1989 Jeep Wrangler
Engine: 2.5L TBI 4-cylinder
Transmission: AX15 5-speed
Transfer Case: NP231 with JB Conversions 32-spline Super Short SYE, 1 1/4-inch Wide Chain Kit, and 6-pinion planetary
Front Axle: High-pinion Dana 30, 4.88:1 gears, Eaton ELocker, Superior chromoly 30-spline axleshafts
Rear Axle: Dana 35 non–C-clip with factory drum brakes, 4.88:1 gears, Eaton ELocker, Superior 30-spline axleshafts, Superior truss system.
Springs & Such: Rubicon Express 2 1/2-inch standard-duty springs, 5-inch shackles, Bilstein 5100 shocks
Tires & Wheels: 31x10.50R15 Mickey Thompson ATP3 on 15x8 Summit Racing Equipment Series 50/51 aluminum
Steering: Factory manual, stock linkage, track bars and sway bars removed
Lighting: Cheapie flush-mount trailer taillights
Other Stuff: GenRight weld-yourself cage system, Bestop front and rear vinyl seats, SpiderWebShade, Tabor 9,000-pound winch, Smittybilt rear bumper, Quadratec aluminum rocker armor, Firestone electric air compressor, Tom Wood’s Custom Drive Shafts 1310 ’shafts (1310 front, 1310 CV rear), Optima BlueTop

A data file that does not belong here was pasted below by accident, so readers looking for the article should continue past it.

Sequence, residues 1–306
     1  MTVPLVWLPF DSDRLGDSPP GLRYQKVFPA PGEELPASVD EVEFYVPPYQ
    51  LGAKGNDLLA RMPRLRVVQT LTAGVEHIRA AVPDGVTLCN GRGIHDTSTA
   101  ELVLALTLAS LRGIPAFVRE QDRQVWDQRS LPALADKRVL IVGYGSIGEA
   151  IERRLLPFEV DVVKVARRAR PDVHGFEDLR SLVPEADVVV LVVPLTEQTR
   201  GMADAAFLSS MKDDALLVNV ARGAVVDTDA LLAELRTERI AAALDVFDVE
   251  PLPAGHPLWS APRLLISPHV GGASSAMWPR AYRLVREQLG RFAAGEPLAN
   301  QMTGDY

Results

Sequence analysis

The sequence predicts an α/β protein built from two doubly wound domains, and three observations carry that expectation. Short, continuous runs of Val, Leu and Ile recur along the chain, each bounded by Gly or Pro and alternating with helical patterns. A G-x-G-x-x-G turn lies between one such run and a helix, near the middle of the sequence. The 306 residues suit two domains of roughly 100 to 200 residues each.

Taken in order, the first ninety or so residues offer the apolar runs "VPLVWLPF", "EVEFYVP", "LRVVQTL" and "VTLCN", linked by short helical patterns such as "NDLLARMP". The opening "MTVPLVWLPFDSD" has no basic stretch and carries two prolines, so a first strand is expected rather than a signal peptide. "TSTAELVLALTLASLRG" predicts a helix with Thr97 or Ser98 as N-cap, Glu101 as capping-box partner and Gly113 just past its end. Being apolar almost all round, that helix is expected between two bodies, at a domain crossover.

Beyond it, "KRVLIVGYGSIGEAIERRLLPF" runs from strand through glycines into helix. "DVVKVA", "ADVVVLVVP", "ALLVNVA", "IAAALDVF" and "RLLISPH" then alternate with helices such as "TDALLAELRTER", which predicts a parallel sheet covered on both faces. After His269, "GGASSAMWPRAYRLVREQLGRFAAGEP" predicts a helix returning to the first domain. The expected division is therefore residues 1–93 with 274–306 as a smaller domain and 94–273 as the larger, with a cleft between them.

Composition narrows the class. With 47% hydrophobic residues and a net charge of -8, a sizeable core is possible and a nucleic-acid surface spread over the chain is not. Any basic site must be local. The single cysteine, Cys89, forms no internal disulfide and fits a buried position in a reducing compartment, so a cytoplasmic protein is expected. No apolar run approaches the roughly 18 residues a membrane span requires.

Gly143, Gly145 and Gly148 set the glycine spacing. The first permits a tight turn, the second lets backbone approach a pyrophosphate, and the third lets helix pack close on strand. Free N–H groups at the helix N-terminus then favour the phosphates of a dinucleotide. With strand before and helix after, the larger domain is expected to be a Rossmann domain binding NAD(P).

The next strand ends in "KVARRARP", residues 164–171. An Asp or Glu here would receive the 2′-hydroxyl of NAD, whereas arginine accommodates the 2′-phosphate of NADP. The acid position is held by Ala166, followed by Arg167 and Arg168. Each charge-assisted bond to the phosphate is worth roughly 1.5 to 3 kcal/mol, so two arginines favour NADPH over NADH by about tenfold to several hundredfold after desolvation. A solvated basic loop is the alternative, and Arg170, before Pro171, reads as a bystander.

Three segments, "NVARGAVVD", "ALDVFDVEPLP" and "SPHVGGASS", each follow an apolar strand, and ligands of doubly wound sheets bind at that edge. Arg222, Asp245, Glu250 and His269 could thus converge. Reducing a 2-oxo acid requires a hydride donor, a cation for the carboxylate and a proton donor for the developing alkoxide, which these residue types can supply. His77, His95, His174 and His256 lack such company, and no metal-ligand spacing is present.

1953 Willys DJ-3A
I found this 2WD Willys on recycler.com back in 2000 and paid $400 for it. It wound up being one of only a couple DJ prototypes built in 1953, but when I got it a previous owner had already butchered it with a Chevy 305/Powerglide swap and had put a 1972-1975 Dana 44 from a CJ under it.
I yanked the factory-installed 60/40 bench, Continental kit, and tube front axle and gave them to Rick Péwé. I gave the rear axle to Verne Simons, pulled the body off the frame, and built the whole thing in my garage over the course of a year. I cut out 1/8-inch steel to box the frame with a Craftsman reciprocating saw, and the ’cage was the second thing I ever used a tubing bender to build. I originally started installing a 1970 Cadillac Eldorado 500-cube V-8, but changed gears to a 4.6L Northstar before eventually getting the 3.5L DOHC Shortstar V-6 and shoehorning it in. I mated it to an SM420 and Spicer 18 with an Overdrive, but after wearing out two T-cases, I eventually installed a Dana 300 with 32-spline front and rear outputs. However, I do have another Spicer 18 and ATV Manufacturing Overdrive (hermtheoverdriveguy.com) that I’ll be putting back in because I miss driving it on the street.
It has been together and wheeling since 2002 and by now runs a lot of since-discontinued parts like the onboard welder system and other odds and ends. Other than the T-case swap and centered rear axlehousing, almost all of the build is the original stuff, from the Krawler tires to the Optima BlueTop battery.